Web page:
S&P says EU delay to accession talks with Albania and North Macedonia could weigh on reform momentum

By bne IntelliNews October 22, 2019

S&P Global Ratings said on October 21 that the European Council failure to set a date to launch EU accession negotiations with Albania and North Macedonia will probably have limited short-term economic consequences, but in the long-term it could potentially weigh on the two countries' reform commitments.

EU leaders failed to agree during their summit on October 17-18 to set a date for Skopje and Tirana to start EU accession talks despite previous promises. The rejection came primarily from French President Emmanuel Macron who insists on internal EU reforms in terms of adopting a new enlargement methodology prior to setting a date. 

The council will reconsider enlargement before the EU-Western Balkans summit in Zagreb in May 2020. The decision was a disappointment especially in Skopje, as EU leaders were expected to decide to open membership negotiations with North Macedonia in October this year, particularly after the country changed its name and resolved the name dispute with Greece.

“Accession talks typically act as a reform anchor with candidate countries implementing structural changes that could otherwise be difficult to deliver for domestic political reasons,” S&P said.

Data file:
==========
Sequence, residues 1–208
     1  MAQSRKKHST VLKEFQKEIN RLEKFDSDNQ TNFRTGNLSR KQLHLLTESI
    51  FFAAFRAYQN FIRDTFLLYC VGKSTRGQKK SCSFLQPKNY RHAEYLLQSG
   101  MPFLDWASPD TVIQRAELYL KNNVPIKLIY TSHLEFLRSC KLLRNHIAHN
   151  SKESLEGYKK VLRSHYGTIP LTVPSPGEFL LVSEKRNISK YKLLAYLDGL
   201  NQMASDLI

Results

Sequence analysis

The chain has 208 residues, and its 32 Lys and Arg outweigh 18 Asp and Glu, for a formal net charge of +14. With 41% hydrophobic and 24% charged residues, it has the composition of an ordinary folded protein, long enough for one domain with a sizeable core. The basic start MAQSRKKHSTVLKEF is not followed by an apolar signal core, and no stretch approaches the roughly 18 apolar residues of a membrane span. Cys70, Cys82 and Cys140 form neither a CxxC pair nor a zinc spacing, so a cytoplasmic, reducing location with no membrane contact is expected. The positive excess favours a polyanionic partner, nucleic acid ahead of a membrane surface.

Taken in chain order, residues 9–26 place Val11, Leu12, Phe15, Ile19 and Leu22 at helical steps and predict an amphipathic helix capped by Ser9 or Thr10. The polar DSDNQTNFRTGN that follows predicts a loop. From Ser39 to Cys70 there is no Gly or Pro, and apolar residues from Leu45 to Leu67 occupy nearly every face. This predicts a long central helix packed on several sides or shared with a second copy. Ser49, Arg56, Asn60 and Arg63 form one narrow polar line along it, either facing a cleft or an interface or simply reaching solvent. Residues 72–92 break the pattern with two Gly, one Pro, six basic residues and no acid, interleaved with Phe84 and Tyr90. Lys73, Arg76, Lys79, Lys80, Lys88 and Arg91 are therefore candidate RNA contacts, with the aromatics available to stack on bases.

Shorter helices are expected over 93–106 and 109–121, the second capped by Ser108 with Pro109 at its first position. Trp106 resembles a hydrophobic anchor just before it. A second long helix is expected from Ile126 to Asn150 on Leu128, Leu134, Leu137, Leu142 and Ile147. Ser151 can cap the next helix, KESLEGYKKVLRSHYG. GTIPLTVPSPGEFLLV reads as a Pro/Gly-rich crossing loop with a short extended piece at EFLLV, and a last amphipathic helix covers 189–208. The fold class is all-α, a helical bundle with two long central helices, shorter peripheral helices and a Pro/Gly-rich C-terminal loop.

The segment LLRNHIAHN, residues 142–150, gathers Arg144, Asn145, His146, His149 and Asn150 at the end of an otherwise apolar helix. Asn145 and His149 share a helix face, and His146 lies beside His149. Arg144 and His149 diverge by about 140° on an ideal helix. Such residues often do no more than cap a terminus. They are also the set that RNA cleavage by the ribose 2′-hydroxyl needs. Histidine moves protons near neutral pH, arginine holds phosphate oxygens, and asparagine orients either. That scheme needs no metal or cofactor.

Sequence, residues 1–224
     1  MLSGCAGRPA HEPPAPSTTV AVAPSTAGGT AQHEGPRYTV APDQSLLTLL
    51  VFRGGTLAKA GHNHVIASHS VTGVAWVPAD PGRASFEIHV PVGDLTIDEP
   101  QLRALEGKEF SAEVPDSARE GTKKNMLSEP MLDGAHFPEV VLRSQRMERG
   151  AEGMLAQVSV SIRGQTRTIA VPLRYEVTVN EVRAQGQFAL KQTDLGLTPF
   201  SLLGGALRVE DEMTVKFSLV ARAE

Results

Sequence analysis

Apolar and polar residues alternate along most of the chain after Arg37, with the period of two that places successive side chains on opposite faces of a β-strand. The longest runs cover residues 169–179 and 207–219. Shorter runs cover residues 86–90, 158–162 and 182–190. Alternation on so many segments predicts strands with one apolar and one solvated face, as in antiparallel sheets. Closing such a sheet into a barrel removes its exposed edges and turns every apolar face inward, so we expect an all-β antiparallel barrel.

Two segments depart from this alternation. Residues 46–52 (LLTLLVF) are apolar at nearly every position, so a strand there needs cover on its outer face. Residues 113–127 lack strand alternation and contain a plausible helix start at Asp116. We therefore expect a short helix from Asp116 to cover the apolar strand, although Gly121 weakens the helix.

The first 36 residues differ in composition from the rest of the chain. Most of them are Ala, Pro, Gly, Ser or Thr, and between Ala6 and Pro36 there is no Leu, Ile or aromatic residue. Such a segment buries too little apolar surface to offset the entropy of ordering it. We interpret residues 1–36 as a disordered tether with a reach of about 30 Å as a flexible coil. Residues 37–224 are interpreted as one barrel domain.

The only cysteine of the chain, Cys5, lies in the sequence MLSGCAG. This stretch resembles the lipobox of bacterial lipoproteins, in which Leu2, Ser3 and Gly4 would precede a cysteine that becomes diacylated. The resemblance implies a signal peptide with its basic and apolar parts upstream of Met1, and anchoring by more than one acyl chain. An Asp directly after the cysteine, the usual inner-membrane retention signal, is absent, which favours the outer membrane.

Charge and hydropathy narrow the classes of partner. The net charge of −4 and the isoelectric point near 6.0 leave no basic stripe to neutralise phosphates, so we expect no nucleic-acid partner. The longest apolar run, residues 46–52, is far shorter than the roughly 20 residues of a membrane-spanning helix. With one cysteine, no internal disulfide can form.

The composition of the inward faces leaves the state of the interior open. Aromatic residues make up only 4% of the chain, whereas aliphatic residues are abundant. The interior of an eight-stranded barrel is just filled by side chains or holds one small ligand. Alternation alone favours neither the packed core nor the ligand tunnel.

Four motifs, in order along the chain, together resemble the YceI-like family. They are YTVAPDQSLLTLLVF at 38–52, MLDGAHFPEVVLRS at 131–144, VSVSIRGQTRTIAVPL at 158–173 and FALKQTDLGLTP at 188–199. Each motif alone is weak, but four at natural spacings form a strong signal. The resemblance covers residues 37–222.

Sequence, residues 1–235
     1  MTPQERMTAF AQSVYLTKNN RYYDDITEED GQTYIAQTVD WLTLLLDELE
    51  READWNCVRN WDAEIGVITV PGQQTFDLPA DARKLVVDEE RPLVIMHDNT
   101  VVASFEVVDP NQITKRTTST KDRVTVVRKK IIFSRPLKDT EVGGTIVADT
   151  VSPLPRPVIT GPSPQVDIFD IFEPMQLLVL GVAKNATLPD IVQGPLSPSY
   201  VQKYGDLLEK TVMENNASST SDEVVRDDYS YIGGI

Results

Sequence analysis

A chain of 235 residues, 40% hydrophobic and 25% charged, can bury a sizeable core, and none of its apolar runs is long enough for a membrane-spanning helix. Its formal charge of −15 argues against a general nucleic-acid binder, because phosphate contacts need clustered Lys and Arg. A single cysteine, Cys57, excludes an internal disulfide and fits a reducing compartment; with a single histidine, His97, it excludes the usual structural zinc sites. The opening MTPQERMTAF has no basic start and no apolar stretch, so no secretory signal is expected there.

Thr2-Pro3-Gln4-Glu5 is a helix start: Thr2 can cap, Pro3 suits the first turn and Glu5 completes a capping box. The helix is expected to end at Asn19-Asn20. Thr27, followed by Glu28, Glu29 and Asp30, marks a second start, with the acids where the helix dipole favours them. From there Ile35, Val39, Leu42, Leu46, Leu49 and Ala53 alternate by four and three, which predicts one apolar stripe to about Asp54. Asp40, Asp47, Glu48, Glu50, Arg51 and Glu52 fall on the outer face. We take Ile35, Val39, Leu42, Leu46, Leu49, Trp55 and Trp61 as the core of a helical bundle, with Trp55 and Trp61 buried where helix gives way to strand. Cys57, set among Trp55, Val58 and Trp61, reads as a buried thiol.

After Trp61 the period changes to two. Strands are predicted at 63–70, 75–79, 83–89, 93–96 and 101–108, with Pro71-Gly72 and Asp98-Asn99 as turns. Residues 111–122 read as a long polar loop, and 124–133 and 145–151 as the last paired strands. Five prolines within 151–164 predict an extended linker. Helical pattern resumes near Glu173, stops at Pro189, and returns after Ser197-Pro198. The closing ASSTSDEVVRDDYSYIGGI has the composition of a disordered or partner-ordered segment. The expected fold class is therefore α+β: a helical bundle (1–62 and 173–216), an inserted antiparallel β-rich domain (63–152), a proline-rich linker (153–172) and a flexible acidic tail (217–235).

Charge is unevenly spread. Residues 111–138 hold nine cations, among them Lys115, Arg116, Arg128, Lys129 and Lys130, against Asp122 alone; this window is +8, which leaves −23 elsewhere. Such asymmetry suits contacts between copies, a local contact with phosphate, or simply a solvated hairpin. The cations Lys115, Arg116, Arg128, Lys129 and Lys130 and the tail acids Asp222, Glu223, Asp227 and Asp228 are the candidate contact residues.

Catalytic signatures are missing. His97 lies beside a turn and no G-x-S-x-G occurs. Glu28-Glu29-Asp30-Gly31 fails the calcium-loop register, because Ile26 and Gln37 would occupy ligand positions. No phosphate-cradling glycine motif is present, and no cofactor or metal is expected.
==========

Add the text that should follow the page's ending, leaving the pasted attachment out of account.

For Albania, for instance, judicial reforms were launched in 2016, as a key pre-condition for the progress on the EU accession path. This was one of the most important structural reforms in the country in the past 10 years, aimed at combatting corruption within the judiciary and ultimately improving the rule of law and business climate.

Aside from making the crucial deal with Greece, Skopje also took several important measures but without an achievable political goal in sight, reform momentum could fade, S&P said.

Due to the negative EU decision, North Macedonia decided to hold a snap election on April 12 next year.

“We currently don't expect this development to influence short-term economic dynamics, although risks remain, as highlighted by the past effect of political uncertainty on growth following the inconclusive general election at the end of 2016,” the rating agency said.

S&P maintained its 2019 economic growth forecast of 3% for North Macedonia and 3.5% for Albania.

Accordingly, there is no effect on S&P's sovereign ratings on North Macedonia (BB-/Stable/B) or Albania (B+/Stable/B).

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